Homologous Superfamily

Nuclear hormone receptor-like domain superfamily (IPR035500)

Short name: NHR_like_dom_sf

Overlapping entries


Steroid or nuclear hormone receptors constitute an important superfamily of transcription regulators that are involved in widely diverse physiological functions, including control of embryonic development, cell differentiation and homeostasis. The receptors function as dimeric molecules in nuclei to regulate the transcription of target genes in a ligand-responsive manner. Nuclear hormone receptors consist of a highly conserved DNA-binding domain that recognises specific sequences (IPR001628), connected via a linker region to a C-terminal ligand-binding domain. In addition, certain nuclear hormone receptors have an N-terminal modulatory domain (IPR001292). The ligand-binding domain acts in response to ligand binding, which caused a conformational change in the receptor to induce a response, thereby acting as a molecular switch to turn on transcriptional activity [PMID: 14973393]. For example, after binding of the glucocorticoid receptor to the corticosteroid ligand, the receptor is induced to perform functions ranging from nuclear translocation, oligomerisation, cofactor/kinase/transcription factor association, and DNA binding [PMID: 15193451]. The ligand-binding domain is a flexible unit, where the binding of a ligand stabilises its conformation, which in turn favours coactivator binding to modify receptor activity [PMID: 15661830]; the coactivator can bind to the activator function 2 (AF2) site at the C-terminal end of the ligand-binding domain [PMID: 15728727]. The binding of different ligands can alter the conformation of the ligand-binding domain, which ultimately affects the DNA-binding specificity of the DNA-binding domain. In the absence of ligand, steroid hormone receptors are thought to be weakly associated with nuclear components.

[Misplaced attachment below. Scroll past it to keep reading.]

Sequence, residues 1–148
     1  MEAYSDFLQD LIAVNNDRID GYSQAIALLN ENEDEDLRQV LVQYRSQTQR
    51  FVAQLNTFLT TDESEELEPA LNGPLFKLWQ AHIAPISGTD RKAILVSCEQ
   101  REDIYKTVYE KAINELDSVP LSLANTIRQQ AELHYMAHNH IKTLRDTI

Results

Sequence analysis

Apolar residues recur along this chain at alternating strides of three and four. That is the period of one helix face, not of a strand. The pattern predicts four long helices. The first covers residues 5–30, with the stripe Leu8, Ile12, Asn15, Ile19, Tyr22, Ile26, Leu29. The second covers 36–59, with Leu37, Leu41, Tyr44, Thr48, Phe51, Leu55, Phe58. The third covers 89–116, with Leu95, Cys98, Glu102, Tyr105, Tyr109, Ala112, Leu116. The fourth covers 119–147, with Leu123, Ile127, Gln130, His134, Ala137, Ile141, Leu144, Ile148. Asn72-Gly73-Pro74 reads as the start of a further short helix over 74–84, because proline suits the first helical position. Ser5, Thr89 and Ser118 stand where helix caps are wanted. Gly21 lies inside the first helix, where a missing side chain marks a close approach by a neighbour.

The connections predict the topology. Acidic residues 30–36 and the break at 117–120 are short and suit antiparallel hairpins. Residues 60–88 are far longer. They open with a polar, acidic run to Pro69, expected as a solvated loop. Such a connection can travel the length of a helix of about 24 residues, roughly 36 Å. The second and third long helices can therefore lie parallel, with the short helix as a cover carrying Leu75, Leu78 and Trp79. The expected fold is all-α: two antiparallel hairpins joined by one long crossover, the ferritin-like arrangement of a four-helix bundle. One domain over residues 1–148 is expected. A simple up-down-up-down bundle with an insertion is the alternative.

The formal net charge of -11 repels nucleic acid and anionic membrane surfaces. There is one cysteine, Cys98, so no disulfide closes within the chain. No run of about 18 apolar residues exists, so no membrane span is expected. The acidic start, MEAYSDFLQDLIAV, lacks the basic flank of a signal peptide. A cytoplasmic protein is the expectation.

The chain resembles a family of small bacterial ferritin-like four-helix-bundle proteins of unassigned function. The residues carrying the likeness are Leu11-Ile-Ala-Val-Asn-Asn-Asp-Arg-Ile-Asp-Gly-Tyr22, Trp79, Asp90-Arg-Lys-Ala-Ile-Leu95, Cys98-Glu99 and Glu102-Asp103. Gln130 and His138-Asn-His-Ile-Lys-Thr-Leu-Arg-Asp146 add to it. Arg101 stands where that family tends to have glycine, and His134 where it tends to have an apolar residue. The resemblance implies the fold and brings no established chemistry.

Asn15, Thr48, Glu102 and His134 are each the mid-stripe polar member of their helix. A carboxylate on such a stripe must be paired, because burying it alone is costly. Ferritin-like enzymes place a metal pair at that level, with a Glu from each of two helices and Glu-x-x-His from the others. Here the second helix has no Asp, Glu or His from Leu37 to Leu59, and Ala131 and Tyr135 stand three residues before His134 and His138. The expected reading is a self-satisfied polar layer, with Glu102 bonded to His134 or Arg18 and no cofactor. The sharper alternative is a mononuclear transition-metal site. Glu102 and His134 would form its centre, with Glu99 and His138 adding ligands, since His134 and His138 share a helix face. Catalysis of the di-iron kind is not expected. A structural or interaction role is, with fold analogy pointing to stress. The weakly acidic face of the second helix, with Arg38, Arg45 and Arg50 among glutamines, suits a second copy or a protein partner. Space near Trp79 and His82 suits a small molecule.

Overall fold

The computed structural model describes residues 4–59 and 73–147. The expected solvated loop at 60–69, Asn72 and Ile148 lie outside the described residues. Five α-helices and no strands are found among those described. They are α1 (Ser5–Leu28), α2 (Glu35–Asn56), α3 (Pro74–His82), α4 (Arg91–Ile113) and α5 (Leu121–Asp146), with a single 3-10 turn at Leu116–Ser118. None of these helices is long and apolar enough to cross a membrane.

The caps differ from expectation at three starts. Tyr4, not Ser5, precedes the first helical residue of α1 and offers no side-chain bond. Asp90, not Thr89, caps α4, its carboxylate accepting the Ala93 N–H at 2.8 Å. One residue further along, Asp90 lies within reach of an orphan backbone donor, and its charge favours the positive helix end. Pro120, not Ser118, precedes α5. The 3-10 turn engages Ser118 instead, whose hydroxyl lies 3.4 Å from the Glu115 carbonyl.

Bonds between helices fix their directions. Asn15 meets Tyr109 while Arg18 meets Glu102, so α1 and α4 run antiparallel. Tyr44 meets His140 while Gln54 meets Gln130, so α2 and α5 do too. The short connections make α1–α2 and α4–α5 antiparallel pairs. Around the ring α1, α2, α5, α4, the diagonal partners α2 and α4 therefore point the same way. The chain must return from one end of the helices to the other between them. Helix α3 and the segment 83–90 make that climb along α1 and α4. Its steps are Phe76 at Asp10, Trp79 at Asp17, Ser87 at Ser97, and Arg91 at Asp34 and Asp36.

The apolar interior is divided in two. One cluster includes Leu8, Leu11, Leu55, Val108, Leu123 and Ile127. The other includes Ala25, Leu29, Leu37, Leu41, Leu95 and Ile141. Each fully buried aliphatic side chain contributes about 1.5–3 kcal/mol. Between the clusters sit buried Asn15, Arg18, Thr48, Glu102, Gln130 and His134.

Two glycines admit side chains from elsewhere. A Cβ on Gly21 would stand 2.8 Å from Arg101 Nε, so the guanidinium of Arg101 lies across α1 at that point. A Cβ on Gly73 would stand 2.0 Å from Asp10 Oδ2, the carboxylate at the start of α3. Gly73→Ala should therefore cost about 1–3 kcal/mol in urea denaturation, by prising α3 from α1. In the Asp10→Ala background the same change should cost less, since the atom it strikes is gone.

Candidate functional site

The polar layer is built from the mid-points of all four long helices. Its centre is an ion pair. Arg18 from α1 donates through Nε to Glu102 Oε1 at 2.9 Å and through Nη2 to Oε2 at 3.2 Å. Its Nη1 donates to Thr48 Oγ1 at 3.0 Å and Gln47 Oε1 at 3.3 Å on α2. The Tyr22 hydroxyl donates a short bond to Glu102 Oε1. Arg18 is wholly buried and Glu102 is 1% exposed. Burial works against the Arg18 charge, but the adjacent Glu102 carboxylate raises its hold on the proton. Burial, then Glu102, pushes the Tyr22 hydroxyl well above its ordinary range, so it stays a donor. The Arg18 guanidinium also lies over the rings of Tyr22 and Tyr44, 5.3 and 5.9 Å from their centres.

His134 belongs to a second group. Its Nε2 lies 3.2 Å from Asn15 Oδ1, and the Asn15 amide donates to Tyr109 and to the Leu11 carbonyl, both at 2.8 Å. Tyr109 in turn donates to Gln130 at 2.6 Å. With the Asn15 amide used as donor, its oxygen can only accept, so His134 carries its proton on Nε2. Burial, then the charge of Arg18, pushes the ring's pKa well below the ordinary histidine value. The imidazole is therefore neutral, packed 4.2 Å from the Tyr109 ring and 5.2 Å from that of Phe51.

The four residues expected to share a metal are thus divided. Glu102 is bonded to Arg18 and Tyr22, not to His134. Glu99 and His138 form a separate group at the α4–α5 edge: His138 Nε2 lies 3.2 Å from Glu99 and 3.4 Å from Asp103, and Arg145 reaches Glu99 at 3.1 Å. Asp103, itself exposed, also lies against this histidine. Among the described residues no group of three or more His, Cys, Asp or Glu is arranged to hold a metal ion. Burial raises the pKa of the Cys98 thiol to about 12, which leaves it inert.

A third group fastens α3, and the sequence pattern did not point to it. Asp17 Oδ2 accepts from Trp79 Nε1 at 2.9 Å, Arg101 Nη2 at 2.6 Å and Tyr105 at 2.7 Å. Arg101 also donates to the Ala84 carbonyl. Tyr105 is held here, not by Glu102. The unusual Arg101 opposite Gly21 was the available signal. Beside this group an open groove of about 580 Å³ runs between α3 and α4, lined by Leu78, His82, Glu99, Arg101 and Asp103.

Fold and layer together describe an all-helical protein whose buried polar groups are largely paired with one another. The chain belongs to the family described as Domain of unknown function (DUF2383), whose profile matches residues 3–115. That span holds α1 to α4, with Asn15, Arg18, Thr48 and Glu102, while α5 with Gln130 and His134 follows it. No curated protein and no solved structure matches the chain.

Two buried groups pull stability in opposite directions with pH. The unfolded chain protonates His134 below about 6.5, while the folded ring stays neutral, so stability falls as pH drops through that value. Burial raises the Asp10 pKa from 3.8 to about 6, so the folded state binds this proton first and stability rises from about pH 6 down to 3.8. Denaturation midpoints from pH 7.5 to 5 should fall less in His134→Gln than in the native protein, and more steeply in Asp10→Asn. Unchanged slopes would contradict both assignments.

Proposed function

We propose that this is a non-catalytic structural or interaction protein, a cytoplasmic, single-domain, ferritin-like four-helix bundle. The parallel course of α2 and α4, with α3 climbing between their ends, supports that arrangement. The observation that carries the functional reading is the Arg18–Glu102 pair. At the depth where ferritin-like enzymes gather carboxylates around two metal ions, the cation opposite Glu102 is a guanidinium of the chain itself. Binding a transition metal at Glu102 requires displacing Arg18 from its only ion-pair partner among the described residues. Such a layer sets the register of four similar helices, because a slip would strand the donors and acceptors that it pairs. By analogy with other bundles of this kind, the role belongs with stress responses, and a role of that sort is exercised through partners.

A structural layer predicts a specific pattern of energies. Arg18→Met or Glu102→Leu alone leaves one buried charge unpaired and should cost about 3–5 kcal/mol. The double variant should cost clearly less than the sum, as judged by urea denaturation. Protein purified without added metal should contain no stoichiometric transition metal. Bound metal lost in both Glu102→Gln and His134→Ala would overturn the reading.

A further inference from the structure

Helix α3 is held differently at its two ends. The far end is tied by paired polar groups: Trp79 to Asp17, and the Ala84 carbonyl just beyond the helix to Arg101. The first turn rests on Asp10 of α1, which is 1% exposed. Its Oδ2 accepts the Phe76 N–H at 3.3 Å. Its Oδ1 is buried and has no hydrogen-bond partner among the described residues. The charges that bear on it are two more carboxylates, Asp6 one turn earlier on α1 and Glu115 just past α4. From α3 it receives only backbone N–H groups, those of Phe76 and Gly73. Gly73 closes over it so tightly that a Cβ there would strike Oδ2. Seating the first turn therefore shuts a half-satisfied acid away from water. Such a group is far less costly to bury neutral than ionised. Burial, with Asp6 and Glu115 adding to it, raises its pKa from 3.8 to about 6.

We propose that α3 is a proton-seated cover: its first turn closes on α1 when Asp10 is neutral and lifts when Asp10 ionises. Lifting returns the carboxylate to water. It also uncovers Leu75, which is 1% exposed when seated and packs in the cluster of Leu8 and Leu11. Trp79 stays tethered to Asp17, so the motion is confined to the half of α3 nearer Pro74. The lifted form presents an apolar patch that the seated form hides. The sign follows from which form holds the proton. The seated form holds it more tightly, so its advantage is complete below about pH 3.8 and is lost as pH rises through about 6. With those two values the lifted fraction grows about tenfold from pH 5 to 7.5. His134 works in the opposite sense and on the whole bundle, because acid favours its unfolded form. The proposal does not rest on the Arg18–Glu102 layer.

This entry represents the all helical domain involved in ligand-binding.

Contributing signatures

Signatures from InterPro member databases are used to construct an entry.